In order to effectively identify bot activity it is necessary to implement and deploy a set of rules to look at the traffic from different perspective. Several features of the Kona Site Defender product can help:

  • The WAF application layer control feature consists of the mod_security core rules set and Akamai common rule set. Some of the rules are specifically designed to look for anomalies in the headers or look for know bot signature in the user-agent header value or combination of headers in the request.
  • The rules mentioned above can be complemented with several WAF custom rules to help identify specific header signature.
  • The WAF adaptive rate control feature can also be used to monitor excessive request rate from individual clients.
  • Lastly the User Validation Module (UVM) can be used to perform client side validation during extreme situation when none of the "traditional" methods seem to help.

 

Mitigating bot traffic

Once bot traffic is identified, the next step is to decide what to do with the black and grey bot traffic. You may decide to just monitor the traffic over time and only take action should the activity become too aggressive and represent a threat for the stability of the web site. You may decide to take action as soon as the activity is identified, regardless of the volume of traffic generated. The type of action taken may vary depending on your business needs:

  • Deny the traffic: this is the default but least elegant solution; client will receive a HTTP 4xx or 5xx response code. This will give the bot operator a clear indication that such action is not allowed on the site and that they've been identified by some security service or device. Bot operators could vary the format of the request and see if they can stay under the radar.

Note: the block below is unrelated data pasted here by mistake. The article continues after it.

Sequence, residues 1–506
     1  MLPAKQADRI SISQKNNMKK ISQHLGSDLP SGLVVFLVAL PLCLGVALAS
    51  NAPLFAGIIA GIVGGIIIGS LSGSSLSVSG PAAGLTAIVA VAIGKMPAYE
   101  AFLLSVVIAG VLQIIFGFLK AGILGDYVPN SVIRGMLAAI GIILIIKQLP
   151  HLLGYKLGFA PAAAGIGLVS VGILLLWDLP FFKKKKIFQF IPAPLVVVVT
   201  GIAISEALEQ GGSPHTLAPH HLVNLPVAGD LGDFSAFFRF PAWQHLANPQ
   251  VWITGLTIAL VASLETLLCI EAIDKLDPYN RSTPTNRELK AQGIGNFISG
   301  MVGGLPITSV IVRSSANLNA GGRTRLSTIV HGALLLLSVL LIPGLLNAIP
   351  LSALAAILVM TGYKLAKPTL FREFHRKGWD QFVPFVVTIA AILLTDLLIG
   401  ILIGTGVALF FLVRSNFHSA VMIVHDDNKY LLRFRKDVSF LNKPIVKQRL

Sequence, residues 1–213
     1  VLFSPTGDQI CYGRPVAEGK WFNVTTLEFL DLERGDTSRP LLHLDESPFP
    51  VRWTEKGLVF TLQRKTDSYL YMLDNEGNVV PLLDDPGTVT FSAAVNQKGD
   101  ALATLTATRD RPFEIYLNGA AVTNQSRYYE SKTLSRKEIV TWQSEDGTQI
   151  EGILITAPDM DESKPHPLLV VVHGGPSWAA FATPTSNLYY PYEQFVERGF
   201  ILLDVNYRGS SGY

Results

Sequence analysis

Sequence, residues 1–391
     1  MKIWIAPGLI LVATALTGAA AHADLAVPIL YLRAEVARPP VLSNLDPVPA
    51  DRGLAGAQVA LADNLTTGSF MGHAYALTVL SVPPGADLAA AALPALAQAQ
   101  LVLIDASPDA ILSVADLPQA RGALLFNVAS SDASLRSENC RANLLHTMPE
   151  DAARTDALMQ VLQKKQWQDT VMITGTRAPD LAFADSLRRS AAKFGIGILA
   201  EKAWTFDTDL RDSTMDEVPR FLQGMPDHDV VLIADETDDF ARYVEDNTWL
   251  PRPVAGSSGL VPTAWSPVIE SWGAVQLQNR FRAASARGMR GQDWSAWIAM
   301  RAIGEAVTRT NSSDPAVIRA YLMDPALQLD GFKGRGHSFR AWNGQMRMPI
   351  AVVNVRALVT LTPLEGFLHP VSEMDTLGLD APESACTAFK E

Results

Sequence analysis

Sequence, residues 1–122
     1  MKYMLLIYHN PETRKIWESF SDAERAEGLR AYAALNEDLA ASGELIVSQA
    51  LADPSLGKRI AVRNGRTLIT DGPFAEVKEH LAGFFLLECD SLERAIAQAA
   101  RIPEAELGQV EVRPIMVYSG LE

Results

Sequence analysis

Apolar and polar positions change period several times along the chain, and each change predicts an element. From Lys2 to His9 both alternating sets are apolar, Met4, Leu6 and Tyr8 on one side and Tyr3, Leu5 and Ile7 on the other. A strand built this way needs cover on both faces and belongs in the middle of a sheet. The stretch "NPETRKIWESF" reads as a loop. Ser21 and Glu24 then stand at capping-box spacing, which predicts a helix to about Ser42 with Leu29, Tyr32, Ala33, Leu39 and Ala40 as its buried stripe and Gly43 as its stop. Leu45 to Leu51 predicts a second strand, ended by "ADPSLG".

• Serve alternate content: the content served could vary from a generic "site unavailable" page to something that looks like a real response but only containing generic data. This strategy may slow down the bot operator and keep them in the dark as too why they cannot access to the data they want.
  • Serve a cached / stale / static / version of the content: This is the best strategy of all but not always necessarily possible to implement, some content just cannot be cached or stored as static data on an alternate origin, because of compliance concerns or its dynamic nature.  It could potentially take the bot operator some time to realize the data they are getting is worthless, an attacker running a DDoS against the site would also get discourage and move on to a different target.


David Senecal is senior enterprise architect at Akamai.  Patrice Boffa is a director of global service delivery at Akamai.